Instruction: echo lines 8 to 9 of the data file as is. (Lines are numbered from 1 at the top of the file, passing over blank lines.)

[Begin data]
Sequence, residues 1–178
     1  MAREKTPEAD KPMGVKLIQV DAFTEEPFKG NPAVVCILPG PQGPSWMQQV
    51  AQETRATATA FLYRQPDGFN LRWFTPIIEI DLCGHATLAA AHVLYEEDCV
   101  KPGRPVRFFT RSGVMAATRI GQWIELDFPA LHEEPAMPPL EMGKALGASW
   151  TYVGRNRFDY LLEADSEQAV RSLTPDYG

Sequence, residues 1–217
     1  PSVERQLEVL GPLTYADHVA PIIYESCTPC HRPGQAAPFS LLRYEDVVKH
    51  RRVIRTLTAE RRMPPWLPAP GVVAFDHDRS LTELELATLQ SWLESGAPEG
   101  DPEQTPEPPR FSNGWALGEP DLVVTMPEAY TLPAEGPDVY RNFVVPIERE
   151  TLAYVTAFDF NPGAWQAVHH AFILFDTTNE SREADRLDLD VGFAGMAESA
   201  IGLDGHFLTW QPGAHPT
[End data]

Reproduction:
    51  RRVIRTLTAE RRMPPWLPAP GVVAFDHDRS LTELELATLQ SWLESGAPEG
   101  DPEQTPEPPR FSNGWALGEP DLVVTMPEAY TLPAEGPDVY RNFVVPIERE